At one point, Murdoch spoke a lovely aphorism. Philosophy, she said, "means looking at things which one takes for granted and suddenly seeing that they are very odd indeed."
Now, this isn't a particularly arresting aphorism. Nor is it especially accurate - there's more to philosophy than 'overcoming common sense' (as Heidegger put it, in agreement). But it's accurate enough to do its job, which is to be illuminating, clarifying, compelling.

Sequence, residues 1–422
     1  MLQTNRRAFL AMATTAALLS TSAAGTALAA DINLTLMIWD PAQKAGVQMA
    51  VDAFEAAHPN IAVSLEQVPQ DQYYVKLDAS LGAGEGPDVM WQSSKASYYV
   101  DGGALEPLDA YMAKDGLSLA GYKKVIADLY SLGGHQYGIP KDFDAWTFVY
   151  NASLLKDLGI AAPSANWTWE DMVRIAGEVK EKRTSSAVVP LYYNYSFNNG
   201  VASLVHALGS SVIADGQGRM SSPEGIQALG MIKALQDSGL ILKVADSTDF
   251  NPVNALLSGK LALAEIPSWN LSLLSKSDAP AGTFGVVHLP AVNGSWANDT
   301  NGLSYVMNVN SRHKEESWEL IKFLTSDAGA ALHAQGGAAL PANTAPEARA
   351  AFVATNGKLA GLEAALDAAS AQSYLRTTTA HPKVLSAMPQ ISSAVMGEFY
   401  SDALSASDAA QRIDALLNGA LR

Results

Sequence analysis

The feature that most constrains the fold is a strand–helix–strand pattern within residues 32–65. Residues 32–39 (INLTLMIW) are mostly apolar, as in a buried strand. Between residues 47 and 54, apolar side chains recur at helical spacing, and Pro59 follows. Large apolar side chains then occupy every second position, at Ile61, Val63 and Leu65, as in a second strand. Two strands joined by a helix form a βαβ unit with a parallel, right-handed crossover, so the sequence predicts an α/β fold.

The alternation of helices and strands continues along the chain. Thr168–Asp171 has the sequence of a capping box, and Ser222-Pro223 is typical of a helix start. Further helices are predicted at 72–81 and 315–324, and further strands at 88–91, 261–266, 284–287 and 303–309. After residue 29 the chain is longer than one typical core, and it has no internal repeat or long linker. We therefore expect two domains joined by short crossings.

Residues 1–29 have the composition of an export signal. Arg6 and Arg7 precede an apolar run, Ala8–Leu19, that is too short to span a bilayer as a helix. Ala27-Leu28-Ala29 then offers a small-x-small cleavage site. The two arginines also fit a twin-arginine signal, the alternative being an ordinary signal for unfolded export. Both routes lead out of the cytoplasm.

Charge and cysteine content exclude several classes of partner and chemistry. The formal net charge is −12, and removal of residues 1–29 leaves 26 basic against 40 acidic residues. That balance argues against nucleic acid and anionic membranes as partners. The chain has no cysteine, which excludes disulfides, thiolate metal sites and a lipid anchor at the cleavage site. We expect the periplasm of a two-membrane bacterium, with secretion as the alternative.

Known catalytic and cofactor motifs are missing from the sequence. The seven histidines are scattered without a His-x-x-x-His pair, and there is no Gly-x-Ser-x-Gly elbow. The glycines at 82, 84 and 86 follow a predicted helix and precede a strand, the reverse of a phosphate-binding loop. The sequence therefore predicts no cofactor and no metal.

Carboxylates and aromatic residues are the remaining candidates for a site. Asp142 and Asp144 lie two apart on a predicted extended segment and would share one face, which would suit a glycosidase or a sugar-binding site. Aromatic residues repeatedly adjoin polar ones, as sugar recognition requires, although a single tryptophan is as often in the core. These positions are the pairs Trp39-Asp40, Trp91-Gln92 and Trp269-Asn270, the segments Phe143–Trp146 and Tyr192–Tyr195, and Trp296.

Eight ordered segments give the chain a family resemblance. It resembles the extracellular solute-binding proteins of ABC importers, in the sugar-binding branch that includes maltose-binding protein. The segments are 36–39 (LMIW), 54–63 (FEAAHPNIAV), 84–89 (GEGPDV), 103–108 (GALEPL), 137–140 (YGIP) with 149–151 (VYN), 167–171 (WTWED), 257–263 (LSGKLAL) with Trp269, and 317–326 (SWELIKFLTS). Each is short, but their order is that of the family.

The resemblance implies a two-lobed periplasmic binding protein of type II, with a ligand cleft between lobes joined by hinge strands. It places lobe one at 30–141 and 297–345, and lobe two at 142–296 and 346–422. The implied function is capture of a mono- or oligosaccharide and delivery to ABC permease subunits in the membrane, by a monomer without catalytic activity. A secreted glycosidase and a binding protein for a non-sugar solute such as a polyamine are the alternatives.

And, together with Murdoch's uncanny, penetrating gaze, this led me to recognise the chief virtue of the aphorism: courage.
Of course the aphorist must be intelligent, articulate, and perhaps witty (but not necessarily). But the crucial thing is a certain boldness; a willingness to offer, without padding or scaffolding, a vision of the world. To aphorise is to take a risk; to gamble that the tiny, naked statement will repay you with an elegant, arresting glimpse of truth.
The aphorism is proof of this: we care enough about truth to risk our pride in discovering it.